Listening in on Lo-fi

An Exploration on Lo-fi and Contemporary Study Music


In popular Lo-fi channel ChilledCow’s famous “beats to relax/study to” stream, “Lo-fi girl” scribbles in her notebook endlessly. Many studiers tuning into the stream may see themselves in the Lo-fi girl.

Shirley Xu, Copy Editor

It is late in the evening on Sunday. A stack of homework lies on your desk. Yet despite the stress and urgency to complete all of your assignments, a tranquil ambience washes over you as Lo-fi music plays in the background. 

Lo-fi, as defined by musician Eric Matthews, is short for “low-fidelity,” a type of music that captures the imperfections of the recording or production process. As Director of Instrumental Music Mr. Robert Anderson put it, “The Lo-fi descriptor refers to certain subtle ‘defects’ in the music, such as tape hiss, flutter, or any traditionally unwanted background noise.” 

However, rather than viewing these imperfections as flaws in the track, fans of Lo-fi embrace these mistakes as a defining characteristic of the genre. For Jazzy Joseph (‘23), “One might think that the imperfections detract from the quality, but I think they actually contribute to Lo-fi’s ‘home-like,’ comforting aesthetic. When a song feels raw, it gives off the natural feeling of live music, and since the sounds remain un-processed, the songs sound like they are being played in a room around you and the band is right there.” Jazzy thinks that the realistic imperfections could be why Lo-fi feels so comforting.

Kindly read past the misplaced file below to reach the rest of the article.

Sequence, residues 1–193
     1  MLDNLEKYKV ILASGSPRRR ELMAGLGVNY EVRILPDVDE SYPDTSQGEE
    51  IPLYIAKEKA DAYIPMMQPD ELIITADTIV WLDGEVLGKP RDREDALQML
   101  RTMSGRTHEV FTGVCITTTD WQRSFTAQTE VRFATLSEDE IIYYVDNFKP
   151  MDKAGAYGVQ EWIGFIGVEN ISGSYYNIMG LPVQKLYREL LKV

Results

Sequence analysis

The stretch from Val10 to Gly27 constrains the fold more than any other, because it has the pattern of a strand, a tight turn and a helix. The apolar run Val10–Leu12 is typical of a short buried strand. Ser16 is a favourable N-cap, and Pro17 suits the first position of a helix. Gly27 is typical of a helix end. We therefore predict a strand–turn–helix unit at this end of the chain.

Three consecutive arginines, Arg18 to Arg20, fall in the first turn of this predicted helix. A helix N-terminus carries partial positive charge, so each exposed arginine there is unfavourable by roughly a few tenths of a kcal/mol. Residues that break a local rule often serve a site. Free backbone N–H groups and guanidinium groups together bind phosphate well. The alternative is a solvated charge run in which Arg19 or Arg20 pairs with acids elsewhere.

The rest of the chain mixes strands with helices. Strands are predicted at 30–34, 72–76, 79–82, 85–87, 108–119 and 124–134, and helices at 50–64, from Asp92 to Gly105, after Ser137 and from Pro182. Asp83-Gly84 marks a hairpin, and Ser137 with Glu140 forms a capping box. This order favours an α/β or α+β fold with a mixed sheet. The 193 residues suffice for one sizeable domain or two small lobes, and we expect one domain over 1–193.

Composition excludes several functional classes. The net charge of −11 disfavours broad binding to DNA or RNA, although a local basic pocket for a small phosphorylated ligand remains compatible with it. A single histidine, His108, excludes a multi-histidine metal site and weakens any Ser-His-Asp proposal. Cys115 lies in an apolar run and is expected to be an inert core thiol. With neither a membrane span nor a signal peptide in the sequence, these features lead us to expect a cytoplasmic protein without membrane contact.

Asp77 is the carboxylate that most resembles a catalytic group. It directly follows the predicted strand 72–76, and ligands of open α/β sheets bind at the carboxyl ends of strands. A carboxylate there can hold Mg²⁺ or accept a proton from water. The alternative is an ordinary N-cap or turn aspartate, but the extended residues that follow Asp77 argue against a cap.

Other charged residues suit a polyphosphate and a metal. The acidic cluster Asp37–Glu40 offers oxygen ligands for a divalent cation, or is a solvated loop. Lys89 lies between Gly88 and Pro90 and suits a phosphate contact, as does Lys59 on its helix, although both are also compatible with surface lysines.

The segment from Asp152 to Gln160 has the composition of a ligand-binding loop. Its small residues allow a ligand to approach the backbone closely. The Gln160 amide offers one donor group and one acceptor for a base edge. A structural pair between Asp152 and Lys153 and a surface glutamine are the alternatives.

Though it has existed for a while, one might wonder why Lo-fi music has exploded in popularity only in recent years. Lo-fi YouTube channels such as ChilledCow are not only well-known, but also have established communities of listeners worldwide. ChilledCow currently has 9.6 million subscribers and has thousands of listeners on its famous “beats to relax/study to” stream at any given moment. 

Lo-fi’s popularity can also partly be attributed to social isolation during the COVID-19 pandemic. At the start of the pandemic in March, the channel ChilledCow gained 340,000 subscribers, which is over twice the 160,000 new subscribers it saw in January 2020. Although Lo-fi music styles have been around for decades, isolation has allowed younger generations to ‘discover’ the hip-hop type beats that Lo-fi is based on. Lo-fi styles have been especially popular among students who have gravitated towards it as a form of study music. 

History and Social Sciences Chair and psychology teacher Ms. Karri Woods, who is a Lo-fi fan, explained, “When you’re sitting and listening to Lo-fi, there’s usually a fairly steady beat that’s going on… [Y]our body naturally moves and sways to it because our brains automatically predict the progression of a beat.” From a psychological perspective, the consistent beat in Lo-fi styles is a part of the reason why Lo-fi is great for studying. Steady tempos help “lull us into a place of concentration,” Ms. Woods said. “If the beat were really wild and inconsistent, it would be harder for us to focus.” 

According to Ms. Woods, there are a few more criteria for finding the most effective study music. “Most songs layer in sounds and lyrics that are designed to grab your attention. But when you’re studying, you want music that minimizes the amount of attention it’s grabbing from you,” she explained. Some of these attention-grabbers include lyrics, high, irritating frequencies, and irregular rhythms. The lyric-less, low-pitched, steady beats of Lo-fi are thus an excellent candidate for an optimized studying experience.